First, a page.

Researchers have transformed ordinary mouse skin cells directly into neurons, bypassing the need for stem cells or even stemlike cells and greatly speeding up the field of regenerative medicine.
The experiment could make it possible to someday take a sample of a patient's skin and turn the cells into a tailor-made transplant to treat brain diseases such as Parkinson's or Alzheimer's, or heal damaged spinal cords.
"This study is a huge leap forward," said Dr. Irving Weissman, director of the Institute for Stem Cell Biology and Regenerative Medicine at Stanford University in California, where the work was done and where it has been patented.
Although they worked with mice, past stem cell accomplishments have been replicated in humans within months.
The researchers also hope they can reprogram ordinary cells into other cell types to help replace damaged livers, treat diabetes and treat cancer.
Writing in the journal Nature, the researchers said they used just three genes to transform ordinary mouse skin cells directly into nerve cells called neurons. They are calling the new cells "induced neuronal cells".
"We actively and directly induced one cell type to become a completely different cell type," said Dr. Marius Wernig of Stanford, who led the study.
"These are fully functional neurons. They can do all the principal things that neurons in the brain do."
Wernig said he was surprised at his team's success. Scientists had thought they would have to make cells regress to a more primitive state before they could make them change direction.
"To be very honest, I wasn't sure if it would work. It was one of those high-risk, high reward projects," Wernig said in a telephone interview. "It worked out, actually relatively quickly."
The team is already trying the same thing with human cells but Wernig says it appears to be a little trickier.
NO MORE STEM CELLS?
Efforts to do this kind of thing have focused on human embryonic stem cells, which retain the ability to become any kind of cell in the body. But their use is controversial and restricted.
In recent years, scientists have also found a way to regress skin cells into embryonic-like cells called induced pluripotent stem cells.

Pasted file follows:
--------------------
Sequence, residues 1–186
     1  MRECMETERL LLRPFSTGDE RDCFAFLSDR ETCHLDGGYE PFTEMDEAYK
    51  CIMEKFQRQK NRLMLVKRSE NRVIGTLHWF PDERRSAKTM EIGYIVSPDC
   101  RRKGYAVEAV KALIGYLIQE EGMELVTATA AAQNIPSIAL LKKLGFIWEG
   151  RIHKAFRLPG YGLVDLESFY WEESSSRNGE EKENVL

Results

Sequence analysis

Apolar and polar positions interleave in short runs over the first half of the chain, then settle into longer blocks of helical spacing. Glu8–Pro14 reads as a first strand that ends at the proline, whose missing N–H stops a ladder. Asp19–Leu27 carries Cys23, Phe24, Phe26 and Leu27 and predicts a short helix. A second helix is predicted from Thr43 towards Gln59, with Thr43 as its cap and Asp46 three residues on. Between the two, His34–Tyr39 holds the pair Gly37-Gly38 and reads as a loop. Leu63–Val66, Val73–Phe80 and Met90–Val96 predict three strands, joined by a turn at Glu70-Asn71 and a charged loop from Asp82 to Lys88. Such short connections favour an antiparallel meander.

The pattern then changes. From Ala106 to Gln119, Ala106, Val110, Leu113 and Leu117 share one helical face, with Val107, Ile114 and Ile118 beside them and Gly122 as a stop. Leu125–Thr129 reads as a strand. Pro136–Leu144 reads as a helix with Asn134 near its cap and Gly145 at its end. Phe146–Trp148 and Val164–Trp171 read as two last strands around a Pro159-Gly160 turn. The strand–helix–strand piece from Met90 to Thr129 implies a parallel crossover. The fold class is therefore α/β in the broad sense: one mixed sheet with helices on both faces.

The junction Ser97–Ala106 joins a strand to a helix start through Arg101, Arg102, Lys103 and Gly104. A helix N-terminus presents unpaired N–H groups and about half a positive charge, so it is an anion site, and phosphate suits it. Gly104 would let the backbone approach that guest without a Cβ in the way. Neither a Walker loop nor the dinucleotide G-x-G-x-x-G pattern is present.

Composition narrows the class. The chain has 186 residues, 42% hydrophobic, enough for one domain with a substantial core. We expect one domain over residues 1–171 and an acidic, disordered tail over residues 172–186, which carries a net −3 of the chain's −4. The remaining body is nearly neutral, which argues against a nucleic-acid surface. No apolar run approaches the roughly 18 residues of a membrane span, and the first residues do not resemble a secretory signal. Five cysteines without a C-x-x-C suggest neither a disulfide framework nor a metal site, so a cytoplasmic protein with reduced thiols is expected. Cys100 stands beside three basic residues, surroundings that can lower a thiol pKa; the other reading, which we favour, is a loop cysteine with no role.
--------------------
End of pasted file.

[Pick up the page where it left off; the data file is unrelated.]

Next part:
This experiment skips all those intermediate steps and although it does not immediately mean there is no need to use embryonic stem cells, it suggests a way to bypass them.
One drawback to the new cells is that they do not proliferate well in the lab and do not live for as long as the more primitive stem cells. But Wernig said he believes it will be possible to transform skin cells into all types.
"You just need to find the right transcription cocktail and you can turn anything you want into anything you want," he said.
Transcription factors are genes that tell other genes what to do. Every cell in the body contains the entire DNA map, known as the genome, but only certain genes operate in certain cells.
The ultimate goal behind all stem cell research has been to find a way to instruct cells to do something different. Wernig said his team's experiment tells scientists which genes they need to activate to do this.
The new cells could be transplanted, or grown in the lab to study diseases.
But it may be possible to also activate these three genes in the body using a drug or some other method.
"That would have fantastic implications," said Wernig.
"In the brain, for example, when there is a stroke or some other kind of lesion, there is often an overproliferation of nerve cells called glial cells. If you could turn those into neurons it would be fantastic."